Machine’s Last Testament

To give humanity peace, the artificial intelligence Samsara will wage an eternal war…

In a universe torn by combat, Samsara’s world is the final haven that refugees will pay any price to enter. At the Selection Bureau, Suzhen Tang upholds the AI’s will and grants citizenship to those deemed worthy. When she meets new arrival Ovuha, she judges Ovuha a model candidate⁠—educated, beautiful, a perfect fit for utopia.

But Ovuha carries with her the seeds of battle, and what she brings may spell apocalyptic change: the breaking of Samsara, the end of paradise.

Machine’s Last Testament (Prime Books) is a cyberpunk dystopia that explores the brutalization of hegemony and the cost of apparent utopia. Pitched as
Psycho-Pass meet Iain M. Banks’ Culture novels but with (more) lesbians, set against a backdrop of intergalactic war where an AI is determined to break humanity to mend it. Takes place in the Machine Mandate universe but is strictly standalone.

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Content notes

  • Systematic dehumanization. The setting is a dystopia where status is determined by citizenship; non-citizens are subjected to detainment, employment discrimination, institutional brutalization, and treated as an underclass. References to sexual assault in this context are made but not depicted, with one mention of drugged rape being brought up as something a character suspects may happen to them in detention. None of the primary characters have been or are subjected to sexual assault at any point, either in their past or in the book’s events.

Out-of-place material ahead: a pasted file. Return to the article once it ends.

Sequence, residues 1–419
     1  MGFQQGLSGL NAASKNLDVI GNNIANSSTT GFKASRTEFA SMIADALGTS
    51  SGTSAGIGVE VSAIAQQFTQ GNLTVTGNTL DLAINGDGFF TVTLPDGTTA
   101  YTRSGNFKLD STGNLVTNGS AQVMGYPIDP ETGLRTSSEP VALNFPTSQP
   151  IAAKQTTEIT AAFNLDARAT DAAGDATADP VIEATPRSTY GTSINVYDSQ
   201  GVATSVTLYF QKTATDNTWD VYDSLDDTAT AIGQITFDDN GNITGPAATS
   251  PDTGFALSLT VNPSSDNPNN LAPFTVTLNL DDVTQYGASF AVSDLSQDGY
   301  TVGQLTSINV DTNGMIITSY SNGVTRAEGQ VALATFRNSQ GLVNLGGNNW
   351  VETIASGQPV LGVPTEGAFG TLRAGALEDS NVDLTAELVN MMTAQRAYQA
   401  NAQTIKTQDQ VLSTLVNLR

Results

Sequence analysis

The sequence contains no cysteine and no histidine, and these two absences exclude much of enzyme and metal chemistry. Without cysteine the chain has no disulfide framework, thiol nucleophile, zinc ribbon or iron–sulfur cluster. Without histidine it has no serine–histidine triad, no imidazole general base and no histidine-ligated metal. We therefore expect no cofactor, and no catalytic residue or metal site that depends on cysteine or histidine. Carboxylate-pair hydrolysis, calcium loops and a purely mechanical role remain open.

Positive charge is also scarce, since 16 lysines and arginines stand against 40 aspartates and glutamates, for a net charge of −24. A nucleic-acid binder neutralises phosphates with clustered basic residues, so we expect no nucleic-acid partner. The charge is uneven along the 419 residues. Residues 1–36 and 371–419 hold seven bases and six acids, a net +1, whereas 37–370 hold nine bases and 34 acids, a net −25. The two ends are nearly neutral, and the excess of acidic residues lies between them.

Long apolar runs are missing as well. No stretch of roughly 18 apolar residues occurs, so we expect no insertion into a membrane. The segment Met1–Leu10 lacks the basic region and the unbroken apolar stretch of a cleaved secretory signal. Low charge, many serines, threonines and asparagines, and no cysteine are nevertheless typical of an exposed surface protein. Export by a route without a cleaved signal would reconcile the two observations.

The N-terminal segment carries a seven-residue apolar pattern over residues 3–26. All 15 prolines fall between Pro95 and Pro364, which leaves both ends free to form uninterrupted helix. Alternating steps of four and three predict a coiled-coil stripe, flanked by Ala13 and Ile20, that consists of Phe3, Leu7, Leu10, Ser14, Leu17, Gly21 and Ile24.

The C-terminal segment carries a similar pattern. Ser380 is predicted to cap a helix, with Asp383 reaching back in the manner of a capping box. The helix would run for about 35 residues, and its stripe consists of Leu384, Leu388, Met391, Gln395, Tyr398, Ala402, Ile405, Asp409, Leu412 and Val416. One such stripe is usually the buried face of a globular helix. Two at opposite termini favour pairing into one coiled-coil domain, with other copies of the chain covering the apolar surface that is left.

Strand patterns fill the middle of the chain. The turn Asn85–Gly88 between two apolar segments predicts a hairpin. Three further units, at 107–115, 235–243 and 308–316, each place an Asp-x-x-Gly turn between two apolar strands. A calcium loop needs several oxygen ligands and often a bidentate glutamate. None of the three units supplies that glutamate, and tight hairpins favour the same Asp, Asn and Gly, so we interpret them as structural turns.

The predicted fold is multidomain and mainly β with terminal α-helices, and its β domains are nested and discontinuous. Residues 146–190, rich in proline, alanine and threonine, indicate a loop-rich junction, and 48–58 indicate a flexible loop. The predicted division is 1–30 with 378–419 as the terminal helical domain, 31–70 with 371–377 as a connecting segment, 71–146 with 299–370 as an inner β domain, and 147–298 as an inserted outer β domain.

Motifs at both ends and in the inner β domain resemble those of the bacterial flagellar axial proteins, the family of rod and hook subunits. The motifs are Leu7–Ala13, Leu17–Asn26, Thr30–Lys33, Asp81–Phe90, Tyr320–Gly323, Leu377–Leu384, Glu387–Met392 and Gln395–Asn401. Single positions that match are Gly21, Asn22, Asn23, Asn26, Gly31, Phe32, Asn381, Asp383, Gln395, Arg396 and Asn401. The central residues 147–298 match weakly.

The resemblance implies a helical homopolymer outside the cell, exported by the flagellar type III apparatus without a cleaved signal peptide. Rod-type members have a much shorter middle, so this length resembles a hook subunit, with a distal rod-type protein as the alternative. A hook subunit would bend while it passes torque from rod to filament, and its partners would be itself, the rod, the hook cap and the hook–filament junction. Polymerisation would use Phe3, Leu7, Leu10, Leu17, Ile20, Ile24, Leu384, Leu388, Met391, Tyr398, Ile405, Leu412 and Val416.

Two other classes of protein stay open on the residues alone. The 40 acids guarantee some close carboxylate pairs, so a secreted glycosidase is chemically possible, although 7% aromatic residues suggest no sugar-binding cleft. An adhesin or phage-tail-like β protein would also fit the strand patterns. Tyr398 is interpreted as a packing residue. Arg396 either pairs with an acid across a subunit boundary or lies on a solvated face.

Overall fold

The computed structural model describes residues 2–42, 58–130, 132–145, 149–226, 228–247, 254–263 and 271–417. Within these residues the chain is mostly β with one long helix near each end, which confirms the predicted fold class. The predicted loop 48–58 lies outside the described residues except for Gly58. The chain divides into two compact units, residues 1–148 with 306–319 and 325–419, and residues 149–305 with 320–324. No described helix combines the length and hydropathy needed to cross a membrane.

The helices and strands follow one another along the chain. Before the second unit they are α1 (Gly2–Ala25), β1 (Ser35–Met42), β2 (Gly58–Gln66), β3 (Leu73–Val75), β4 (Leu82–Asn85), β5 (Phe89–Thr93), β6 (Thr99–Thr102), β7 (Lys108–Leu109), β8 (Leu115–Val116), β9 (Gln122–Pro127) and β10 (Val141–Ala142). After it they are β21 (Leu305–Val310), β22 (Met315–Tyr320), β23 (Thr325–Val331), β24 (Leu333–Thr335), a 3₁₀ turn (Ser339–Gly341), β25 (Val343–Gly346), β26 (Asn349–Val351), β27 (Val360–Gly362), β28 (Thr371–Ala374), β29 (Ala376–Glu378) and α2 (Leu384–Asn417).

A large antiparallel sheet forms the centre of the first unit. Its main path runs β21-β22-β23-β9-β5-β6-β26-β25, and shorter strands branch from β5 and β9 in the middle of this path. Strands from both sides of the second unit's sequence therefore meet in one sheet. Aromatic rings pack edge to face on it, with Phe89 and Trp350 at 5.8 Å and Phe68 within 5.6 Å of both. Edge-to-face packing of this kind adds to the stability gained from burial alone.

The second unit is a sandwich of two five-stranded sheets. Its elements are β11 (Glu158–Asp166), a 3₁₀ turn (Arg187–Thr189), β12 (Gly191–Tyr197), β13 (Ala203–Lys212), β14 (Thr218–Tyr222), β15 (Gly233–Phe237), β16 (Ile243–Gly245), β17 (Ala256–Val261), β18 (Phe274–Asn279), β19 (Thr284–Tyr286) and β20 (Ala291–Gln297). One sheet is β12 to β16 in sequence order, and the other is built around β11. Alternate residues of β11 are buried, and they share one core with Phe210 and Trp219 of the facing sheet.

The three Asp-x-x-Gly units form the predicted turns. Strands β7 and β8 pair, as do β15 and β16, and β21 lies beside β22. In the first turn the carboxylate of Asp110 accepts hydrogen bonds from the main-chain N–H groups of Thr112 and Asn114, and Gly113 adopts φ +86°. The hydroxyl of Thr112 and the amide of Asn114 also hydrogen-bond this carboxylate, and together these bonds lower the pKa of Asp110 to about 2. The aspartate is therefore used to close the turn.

• Suicidal ideation. No suicide attempt is graphically depicted but ideation is referenced. One instance of a minor character receiving legal, assisted suicide off the page.
  • State surveillance. Each citizen is implanted with an algorithmic guide which surveils and enforces societally approved behavior. Control of citizens does not extend to their sexuality or gender; this setting has a queer-normative cultural norm.
  • On-page sex. Fully consensual; no instance of sexual assault occurs in the text. Most of the sex scenes are not graphic, especially compared to my other books. One instance of temperature play and skin burning in a consensual, carefully negotiated BDSM context; aftercare is included. (Futuristic medical care means that, in this world, burns can be treated easily and quickly.)